I feel less confident that TNT's "Proof," premiering tonight, June 16th, could make the same transition. It's another show that sometimes falters in the line between making a statement and providing entertaining characters, but more tragically takes a daring concept and often seems to have no idea what to do with it. I’ve only seen the premiere, so the jury is still out on what this show will be week to week, but the first episode has enough deep flaws that I’m not sure they can be fixed.
The problem with “Proof” is that its creators have chosen to tackle the biggest mystery in the world, but have done so with all the energy and personality of a traditional medical drama. (It’s mere seconds before this Medical Drama 101 exchange takes places: “Want to call it?” “Hell NO, I don’t want to call it.”) Jennifer Beals plays Dr. Carolyn Tyler, a woman hired by a multi-millionaire (Matthew Modine) who happens to be dying. He doesn’t want preferential treatment. He just doesn’t like unknowns. And so he asks Tyler to prove or disprove the existence of the afterlife, just so he knows what to expect. Tyler is mostly skeptical, but her recent loss of a child has made her susceptible to the hope that she’ll be reunited with her son again. She also happens to work with her ex-husband (David Sutcliffe) and is having trouble with her daughter (Annie Thurman) because proving what happens after we die wouldn’t be interesting enough without standard medical drama tropes. Beals isn’t bad and Edi Gathegi is better as her put-upon intern, but “Proof” feels like a show that takes complex issues and merely skims their surface.
Even more superficial is ABC’s depressing “The Astronaut Wives Club,” a network attempt to recreate the period piece magic of “Mad Men” with a little bit more soap opera that premieres on Thursday, June 18th. Call it “Real Housewives of NASA.” Based on the book by Lily Koppel, ABC’s drama charts the trajectory of seven women who were married to the pioneers of space travel. They went from relatively traditional spouses to international personalities, especially after LIFE Magazine chose to profile them in the early days of the space race. Some of them formed bonds, some formed jealousies, some formed their own identities separate from their famous husbands. There’s clearly an interesting story here, and I’ve heard good things about the book, but the TV treatment couldn’t be blander.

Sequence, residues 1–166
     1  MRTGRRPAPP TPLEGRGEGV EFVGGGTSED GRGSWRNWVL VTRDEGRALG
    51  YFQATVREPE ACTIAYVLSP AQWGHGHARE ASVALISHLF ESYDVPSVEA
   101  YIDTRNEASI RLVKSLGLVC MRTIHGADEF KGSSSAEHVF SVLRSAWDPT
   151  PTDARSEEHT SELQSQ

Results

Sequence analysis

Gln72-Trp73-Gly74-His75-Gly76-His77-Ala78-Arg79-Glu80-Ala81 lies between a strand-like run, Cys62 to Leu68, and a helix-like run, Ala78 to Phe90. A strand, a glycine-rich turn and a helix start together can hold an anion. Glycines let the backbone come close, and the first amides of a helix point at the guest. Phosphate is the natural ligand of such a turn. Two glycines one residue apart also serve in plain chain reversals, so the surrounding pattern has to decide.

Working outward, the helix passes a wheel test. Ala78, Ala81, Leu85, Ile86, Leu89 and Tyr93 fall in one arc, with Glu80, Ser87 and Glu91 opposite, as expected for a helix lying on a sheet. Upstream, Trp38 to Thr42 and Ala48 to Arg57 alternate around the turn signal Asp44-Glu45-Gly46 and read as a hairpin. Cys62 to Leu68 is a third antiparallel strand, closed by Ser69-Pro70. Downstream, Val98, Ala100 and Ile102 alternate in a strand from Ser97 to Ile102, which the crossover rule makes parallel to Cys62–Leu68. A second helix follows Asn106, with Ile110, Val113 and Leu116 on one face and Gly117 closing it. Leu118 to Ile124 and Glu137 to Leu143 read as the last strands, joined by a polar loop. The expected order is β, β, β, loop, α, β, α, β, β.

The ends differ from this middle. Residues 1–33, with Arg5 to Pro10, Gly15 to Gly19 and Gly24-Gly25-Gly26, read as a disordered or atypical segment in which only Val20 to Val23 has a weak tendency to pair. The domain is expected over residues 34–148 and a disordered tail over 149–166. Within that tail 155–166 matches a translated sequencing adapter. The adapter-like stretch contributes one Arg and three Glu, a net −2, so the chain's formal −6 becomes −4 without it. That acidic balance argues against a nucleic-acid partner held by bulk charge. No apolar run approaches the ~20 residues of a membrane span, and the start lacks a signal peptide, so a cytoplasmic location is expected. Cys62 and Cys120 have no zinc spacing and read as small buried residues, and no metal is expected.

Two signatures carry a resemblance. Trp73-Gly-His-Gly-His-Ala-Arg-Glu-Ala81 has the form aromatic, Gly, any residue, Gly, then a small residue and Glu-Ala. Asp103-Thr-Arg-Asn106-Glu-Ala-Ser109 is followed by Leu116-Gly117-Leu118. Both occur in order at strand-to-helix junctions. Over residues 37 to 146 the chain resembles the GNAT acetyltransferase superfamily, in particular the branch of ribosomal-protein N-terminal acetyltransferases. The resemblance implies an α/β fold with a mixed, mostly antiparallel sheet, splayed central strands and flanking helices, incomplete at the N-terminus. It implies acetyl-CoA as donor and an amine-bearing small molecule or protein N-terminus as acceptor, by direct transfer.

Sadly, the show follows a depressingly straightforward chronological format—then this happened, then that happened, then a shuttle took off, then that happened, etc. It is remarkably personality-less, largely because its creators make the fatal mistake of trying to focus on a dozen characters in a 44-minute network format. We have no one to really follow or care about outside of Louise Shepard (Dominique McElligott), who gets the biggest arc in the premiere as a woman in denial over her husband’s infidelity and even her own fear that he may die when he hits the atmosphere. McElligott is very good, but everyone else blends together, including typical stand-outs Odette Annable and Yvonne Strahovski. And the period detail feels forced and often fake, like a “Mad Men” costume party. Or, worse, a “Pan Am” one.